North Suburban HAMMOND ORGAN Society


Before we even begin a description of the X66, it is, I feel, of paramount importance that I should warn all owners and players of X66 Hammond organs of a dangerous electrical condition which now is very likely to exist in your instrument. Within the last 2 years, I have worked on six different X66 instruments, and I have encountered this problem in all of them.

Considering that I have seen this in six out of 6 instruments, it is logical to conclude that this problem may be much more widespread than any of us might realize. The problem concerns the AC power wiring within the console that supplies the pedal lights and also the vibrato and celester drive motor. In all of the instruments that I encountered, the insulation on this wiring has now become dried out, hard and brittle and in many places it has broken off, leaving bare wires carrying 120 volt AC power. In our NSHOS club instrument, the problem showed up as a persistent 120 cycle (second harmonic of the AC power frequency) humming and a buzzing in the speakers, with the buzzing being particularly prominent in the Leslie. The second and worse problem was that if you touched any part of the metal on the console, and also anything else electrical such as a microphone, you would get a nasty shock.

When we examined the instrument, we found significant portions of this wiring which was bare and part of it was touching the inside of one of the two main support columns. The support columns are attached to the metal framework in the bass pedestal and from there, AC power would be present on any of the rest of the metal in the console. We could not connect any auxiliary equipment to the console as a result, and had to warn all of our guest artists against touching anything metal on the console. After we replaced this wiring, all of these problems went away. The instrument no longer produces 120 Hz humming and buzzing over the speakers, and it is safe to touch it and likewise to connect auxiliary equipment such as signal processors or recording equipment.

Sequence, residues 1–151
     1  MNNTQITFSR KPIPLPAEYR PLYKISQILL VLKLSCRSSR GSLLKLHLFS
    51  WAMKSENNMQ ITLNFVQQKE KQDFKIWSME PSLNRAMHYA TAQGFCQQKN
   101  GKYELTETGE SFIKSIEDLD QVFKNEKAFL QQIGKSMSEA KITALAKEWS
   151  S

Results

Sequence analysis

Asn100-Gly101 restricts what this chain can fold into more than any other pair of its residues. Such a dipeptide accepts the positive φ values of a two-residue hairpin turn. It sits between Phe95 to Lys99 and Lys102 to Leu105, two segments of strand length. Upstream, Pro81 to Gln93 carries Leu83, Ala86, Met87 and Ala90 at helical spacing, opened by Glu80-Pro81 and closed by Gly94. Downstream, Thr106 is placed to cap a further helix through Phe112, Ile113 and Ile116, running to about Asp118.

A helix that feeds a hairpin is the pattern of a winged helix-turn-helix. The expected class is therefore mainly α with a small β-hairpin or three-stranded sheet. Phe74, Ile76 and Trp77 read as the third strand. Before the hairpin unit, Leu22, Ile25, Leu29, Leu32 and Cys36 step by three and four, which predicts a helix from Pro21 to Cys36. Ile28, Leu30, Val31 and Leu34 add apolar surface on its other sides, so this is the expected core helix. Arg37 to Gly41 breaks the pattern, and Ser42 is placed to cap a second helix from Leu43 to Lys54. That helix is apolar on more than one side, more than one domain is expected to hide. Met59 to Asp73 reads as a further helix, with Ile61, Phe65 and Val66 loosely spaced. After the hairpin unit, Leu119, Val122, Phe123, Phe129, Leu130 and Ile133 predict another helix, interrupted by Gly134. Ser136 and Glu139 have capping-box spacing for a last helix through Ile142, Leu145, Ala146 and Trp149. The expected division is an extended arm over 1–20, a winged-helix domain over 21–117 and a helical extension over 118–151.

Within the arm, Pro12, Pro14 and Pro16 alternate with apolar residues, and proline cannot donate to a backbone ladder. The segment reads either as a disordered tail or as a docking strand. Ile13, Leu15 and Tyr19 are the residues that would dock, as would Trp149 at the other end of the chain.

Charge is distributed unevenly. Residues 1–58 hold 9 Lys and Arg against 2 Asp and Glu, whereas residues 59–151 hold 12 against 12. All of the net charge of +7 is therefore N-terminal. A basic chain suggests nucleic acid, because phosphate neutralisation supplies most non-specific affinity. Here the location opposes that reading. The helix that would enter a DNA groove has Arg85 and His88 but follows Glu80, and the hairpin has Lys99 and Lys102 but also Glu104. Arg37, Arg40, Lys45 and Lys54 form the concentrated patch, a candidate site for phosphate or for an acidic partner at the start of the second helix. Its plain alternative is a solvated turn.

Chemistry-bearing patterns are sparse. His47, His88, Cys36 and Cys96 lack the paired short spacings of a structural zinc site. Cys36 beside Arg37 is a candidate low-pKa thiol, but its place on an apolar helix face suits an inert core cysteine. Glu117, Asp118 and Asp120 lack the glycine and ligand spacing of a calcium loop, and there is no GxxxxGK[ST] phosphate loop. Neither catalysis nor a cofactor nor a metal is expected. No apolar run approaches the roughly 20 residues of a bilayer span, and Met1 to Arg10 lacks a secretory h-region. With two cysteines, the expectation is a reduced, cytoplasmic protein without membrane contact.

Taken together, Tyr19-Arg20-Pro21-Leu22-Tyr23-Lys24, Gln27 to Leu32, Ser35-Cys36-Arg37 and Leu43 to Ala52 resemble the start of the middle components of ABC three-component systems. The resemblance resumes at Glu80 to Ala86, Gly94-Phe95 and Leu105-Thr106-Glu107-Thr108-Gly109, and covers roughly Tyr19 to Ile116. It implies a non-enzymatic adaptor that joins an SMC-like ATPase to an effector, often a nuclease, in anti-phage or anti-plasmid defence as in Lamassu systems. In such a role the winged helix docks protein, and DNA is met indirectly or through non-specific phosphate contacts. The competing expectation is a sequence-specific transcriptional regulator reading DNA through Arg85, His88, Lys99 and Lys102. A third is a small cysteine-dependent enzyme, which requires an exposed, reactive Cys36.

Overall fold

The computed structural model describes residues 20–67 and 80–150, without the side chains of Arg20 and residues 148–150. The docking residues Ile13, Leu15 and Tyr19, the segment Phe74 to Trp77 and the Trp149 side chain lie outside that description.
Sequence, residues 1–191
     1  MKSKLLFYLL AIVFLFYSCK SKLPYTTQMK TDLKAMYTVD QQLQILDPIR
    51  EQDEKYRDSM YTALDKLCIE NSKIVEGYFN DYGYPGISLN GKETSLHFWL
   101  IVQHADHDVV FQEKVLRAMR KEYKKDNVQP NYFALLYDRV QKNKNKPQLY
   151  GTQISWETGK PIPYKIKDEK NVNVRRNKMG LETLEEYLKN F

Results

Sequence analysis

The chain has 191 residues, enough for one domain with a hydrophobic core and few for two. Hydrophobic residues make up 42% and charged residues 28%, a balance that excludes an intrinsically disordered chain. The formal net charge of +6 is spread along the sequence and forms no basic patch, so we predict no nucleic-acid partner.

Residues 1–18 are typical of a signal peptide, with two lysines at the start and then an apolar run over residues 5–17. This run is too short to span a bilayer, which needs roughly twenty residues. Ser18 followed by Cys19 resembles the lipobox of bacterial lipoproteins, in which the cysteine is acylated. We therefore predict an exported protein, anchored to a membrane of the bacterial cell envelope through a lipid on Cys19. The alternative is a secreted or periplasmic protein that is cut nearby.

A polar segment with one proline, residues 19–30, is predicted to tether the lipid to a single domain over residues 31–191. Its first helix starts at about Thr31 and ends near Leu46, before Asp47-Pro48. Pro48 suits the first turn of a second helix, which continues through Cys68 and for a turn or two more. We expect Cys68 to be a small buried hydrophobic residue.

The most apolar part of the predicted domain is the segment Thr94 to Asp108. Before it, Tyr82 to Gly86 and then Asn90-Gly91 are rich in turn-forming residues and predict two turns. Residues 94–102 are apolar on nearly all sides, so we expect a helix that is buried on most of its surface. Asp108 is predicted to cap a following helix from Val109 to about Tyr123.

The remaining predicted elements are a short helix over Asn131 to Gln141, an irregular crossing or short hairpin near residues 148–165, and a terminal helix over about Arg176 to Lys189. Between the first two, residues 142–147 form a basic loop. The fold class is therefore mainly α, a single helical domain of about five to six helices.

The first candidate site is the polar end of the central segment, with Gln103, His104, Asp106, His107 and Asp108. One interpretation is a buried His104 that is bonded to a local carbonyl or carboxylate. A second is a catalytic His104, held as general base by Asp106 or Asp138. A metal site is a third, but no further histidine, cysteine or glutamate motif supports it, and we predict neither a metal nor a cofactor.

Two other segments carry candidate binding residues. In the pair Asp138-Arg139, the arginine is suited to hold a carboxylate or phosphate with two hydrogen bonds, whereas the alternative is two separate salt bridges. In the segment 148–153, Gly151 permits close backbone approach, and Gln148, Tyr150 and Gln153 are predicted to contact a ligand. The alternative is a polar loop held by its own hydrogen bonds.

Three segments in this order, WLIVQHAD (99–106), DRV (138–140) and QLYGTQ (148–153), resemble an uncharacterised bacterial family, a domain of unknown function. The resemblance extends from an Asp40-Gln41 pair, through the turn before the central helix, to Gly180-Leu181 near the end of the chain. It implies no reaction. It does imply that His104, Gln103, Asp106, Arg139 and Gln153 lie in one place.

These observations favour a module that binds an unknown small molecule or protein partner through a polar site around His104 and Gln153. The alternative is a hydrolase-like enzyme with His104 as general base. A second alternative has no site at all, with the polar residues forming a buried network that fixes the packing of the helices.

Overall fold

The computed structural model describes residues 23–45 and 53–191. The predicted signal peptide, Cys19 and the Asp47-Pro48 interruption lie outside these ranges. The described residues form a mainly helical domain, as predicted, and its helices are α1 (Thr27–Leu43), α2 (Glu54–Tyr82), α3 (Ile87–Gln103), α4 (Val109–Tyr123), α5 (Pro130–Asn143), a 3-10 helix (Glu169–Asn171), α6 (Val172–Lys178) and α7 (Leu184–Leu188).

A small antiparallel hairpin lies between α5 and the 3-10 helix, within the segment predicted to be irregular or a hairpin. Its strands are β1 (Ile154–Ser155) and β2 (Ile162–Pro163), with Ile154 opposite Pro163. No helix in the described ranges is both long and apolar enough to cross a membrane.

I have likewise found this problem on the X66 here at the house, on three instruments that belonged to our club VP, Jim Gregory, and also in one which was shipped to Europe. It therefore is logical to conclude that this problem is widespread among the X66 models, as they are all approximately the same age now within a few years, and it seems that the AC power wiring for the pedal lights and the scanner motor, which was actually a lampcord variant that Hammond used, has inferior insulation. Doubtless it was good wire in its time, but this as nearly 5 decades later and now it is a dangerous problem.

I cannot stress strongly enough that if you own or regularly use an X66 Hammond, that you should either check this yourself, or find a qualified Hammond repair technician who can check this wiring for you and replace it if necessary. If your instrument has its original wiring for the pedal lights and the scanner drive motor, you may have a potentially serious and dangerous electrical hazard on your hands which should be addressed right away. In my work on these six different X66s, I have not found any other wiring in any of the consoles which has degraded, so it seems that the lampcord that Hammond used for these two applications has insulation of a different type from that of the remainder of the wiring.

My best advice is simply this. Get this checked right away, DO NOT USE the instrument without verifying that this wiring is OK, or if defective, replaced ASAP.


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